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January 4, 2019

Confronting “Ed”—a.k.a. my Eating Disorder.

 

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Ed knocked on my door yesterday, and I foolishly opened it.

I did not intend to let him in.

Cracking open the door to see what he wanted, a little voice inside my head told me not to open that door, but habits are hard to break as many of you know.

Sometimes when Ed comes calling, I tell him that I do not have time to talk or sometimes I can tell right away he is up to no good, and I slam the door in his face.

Yesterday, I saw his intent was harm, yet I hesitated, and he took that opportunity to wedge his shoulder into the door frame and push his way in.

In all truthfulness, I know that when Ed comes knocking that it only means one thing, and that is that he wants to hurt me. Ed is not my friend and he does not belong to me, nor is he a part of me.

Ed is the eating disorder that has lived inside my head rent free for far too long.

So why do I still open the door a crack out of curiosity?

When I am feeling strong, I slam it in his face and get a sense of satisfaction. But when I am weak and tired, I practically bow my head in submission as he waltzes in. Knowing consciously that I have limited defenses on those days, I still take the risk and turn that doorknob.

Yesterday, I took a stand. Sure, he walked in the door and before I knew it, he was telling me what to do in his manipulative, bossy manner. “Binge! It will make you feel so much better!” he said, and I complied. Next, he said “You’re disgusting. Now you need to purge all that food. Throw it up!”

Then, I remembered all the hard work I have done to get out of this abusive relationship, and I fought back.

This is a step in the right direction although it was hard for me to see in the moment. I did have the strength to stop the binge from escalating, and I chose to not complete the cycle through purging. I reminded myself repeatedly that this is the pattern of abuse that Ed thrives on. He loves to tell me what to do to make myself feel better, then instantly jumps on me to tell me how much I messed up. A vicious cycle, in which any sort of positive feelings, are met a million times over with negative feelings.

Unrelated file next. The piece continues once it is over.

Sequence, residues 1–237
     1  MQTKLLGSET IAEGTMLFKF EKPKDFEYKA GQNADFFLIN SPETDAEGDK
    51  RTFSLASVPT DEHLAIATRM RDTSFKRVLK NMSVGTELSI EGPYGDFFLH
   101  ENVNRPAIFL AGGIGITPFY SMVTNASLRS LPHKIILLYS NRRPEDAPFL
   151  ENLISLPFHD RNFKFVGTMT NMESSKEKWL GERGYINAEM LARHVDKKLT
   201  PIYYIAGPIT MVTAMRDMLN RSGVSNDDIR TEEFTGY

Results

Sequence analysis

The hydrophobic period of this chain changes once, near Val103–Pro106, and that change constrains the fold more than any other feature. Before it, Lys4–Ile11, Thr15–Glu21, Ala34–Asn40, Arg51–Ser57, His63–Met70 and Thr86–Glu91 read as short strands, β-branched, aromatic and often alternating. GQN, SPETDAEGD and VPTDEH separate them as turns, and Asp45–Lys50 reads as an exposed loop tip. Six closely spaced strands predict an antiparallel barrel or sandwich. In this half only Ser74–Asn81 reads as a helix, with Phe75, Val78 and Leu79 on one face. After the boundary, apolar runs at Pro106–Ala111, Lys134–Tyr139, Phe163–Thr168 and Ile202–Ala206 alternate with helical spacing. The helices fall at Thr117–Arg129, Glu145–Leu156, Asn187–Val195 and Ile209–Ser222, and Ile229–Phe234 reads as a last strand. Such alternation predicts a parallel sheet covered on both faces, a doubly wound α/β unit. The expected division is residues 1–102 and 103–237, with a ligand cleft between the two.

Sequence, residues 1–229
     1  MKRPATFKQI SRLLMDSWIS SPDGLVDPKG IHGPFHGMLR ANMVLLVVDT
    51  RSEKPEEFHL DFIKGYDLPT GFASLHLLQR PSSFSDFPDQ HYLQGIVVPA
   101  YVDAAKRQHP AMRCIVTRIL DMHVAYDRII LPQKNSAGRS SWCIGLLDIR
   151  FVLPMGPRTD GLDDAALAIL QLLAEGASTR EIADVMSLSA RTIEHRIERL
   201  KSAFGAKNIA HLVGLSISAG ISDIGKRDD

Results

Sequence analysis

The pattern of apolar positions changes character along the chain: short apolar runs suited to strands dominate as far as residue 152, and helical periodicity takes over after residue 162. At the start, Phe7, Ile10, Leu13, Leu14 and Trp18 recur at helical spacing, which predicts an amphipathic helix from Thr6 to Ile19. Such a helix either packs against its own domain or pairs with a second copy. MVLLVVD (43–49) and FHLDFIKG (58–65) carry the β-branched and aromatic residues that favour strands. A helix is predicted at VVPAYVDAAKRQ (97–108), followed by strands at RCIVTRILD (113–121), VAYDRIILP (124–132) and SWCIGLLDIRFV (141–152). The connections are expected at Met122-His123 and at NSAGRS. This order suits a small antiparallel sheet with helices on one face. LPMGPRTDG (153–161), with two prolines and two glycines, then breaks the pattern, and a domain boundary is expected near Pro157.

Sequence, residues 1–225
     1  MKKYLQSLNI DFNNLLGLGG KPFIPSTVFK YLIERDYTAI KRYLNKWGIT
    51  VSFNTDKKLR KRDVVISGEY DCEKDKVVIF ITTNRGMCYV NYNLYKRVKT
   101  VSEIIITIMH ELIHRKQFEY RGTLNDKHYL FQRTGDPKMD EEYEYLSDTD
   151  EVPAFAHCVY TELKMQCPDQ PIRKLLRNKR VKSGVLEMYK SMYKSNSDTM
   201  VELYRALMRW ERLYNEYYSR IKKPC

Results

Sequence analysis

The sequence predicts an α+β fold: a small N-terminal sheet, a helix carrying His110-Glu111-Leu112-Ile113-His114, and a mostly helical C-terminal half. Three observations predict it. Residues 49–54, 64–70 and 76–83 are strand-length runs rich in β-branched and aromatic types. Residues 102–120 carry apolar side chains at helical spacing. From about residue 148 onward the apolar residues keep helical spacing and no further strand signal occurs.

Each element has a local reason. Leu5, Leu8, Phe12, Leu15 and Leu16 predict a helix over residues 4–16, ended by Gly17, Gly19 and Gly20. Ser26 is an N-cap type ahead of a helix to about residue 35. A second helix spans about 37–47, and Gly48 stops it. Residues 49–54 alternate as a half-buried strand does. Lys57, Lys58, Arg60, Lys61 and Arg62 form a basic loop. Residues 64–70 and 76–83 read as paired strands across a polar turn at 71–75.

Yesterday, I chose me and not Ed.

I did self-care, which is the last thing I ever feel like doing after a binge. Despite feeling gross and disgusting, I treated myself to a pedicure and positive self-affirmations as I stood in front of the mirror last night. I treated myself with the kindness and empathy that I would bestow upon someone I love.

I did exactly what Ed did not want me to do.

Perhaps the most spectacular thing I did for myself that day was have a sit-down chat with Ed and tell him he was no longer allowed to come knocking at my door. I was getting a restraining order, and he would have to stay hundreds of yards away from me. There is no way to physically tell if Ed keeps his distance, but I can picture it in my head. I can put up that mental image of him, so I know if he is creeping in.

I will be even more prepared next time he appears, and I know how to be prepared. If I lose a battle with him, it is because I choose to let him get to close to begin with.

If I happen to let him in, then I must reaffirm my path. I must examine not only my behaviors and thoughts regarding Ed, but also my behaviors and thoughts regarding myself to determine what happens internally that makes me succumb to Ed.

Only through this continued self-evaluation will I be able to turn Ed away for good.

I now have the upper hand with Ed.

Soon he will no longer come knocking at my door.

 

 

Megan Snyder

author: Megan Snyder

Image: Jurica Koletić / Unsplash

Editor: Julie Balsiger

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